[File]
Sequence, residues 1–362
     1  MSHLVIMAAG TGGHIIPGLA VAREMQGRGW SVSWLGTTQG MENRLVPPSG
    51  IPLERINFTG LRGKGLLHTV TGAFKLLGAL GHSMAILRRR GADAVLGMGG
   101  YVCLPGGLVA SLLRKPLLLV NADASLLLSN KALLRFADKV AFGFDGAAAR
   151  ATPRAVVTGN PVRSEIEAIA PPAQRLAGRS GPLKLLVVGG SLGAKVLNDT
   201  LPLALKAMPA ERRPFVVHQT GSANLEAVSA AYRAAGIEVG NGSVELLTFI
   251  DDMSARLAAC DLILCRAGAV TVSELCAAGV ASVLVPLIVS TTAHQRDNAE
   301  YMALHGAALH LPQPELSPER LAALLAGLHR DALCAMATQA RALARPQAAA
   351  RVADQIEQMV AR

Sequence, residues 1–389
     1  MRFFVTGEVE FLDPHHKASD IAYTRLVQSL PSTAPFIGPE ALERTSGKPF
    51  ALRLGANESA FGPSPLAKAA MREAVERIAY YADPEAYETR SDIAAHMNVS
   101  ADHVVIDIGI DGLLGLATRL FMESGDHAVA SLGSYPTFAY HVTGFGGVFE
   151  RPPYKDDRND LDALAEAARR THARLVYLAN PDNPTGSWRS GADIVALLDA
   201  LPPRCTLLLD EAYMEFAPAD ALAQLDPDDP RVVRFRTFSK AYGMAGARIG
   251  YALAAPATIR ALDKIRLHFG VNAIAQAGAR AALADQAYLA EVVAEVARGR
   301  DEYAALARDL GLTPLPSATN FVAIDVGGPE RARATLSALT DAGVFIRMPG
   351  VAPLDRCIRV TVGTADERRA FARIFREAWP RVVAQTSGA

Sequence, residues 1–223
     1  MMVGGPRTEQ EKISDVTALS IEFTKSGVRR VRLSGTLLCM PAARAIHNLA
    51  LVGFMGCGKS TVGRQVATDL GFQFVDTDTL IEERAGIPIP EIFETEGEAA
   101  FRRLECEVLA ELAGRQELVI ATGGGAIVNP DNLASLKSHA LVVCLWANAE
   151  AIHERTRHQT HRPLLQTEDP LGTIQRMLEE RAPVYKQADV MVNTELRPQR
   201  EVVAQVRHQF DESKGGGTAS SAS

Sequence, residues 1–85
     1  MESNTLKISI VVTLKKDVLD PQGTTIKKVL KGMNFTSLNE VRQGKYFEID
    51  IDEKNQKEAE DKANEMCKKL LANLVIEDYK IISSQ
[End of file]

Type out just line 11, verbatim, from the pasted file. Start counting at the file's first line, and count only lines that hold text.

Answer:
     1  MRFFVTGEVE FLDPHHKASD IAYTRLVQSL PSTAPFIGPE ALERTSGKPF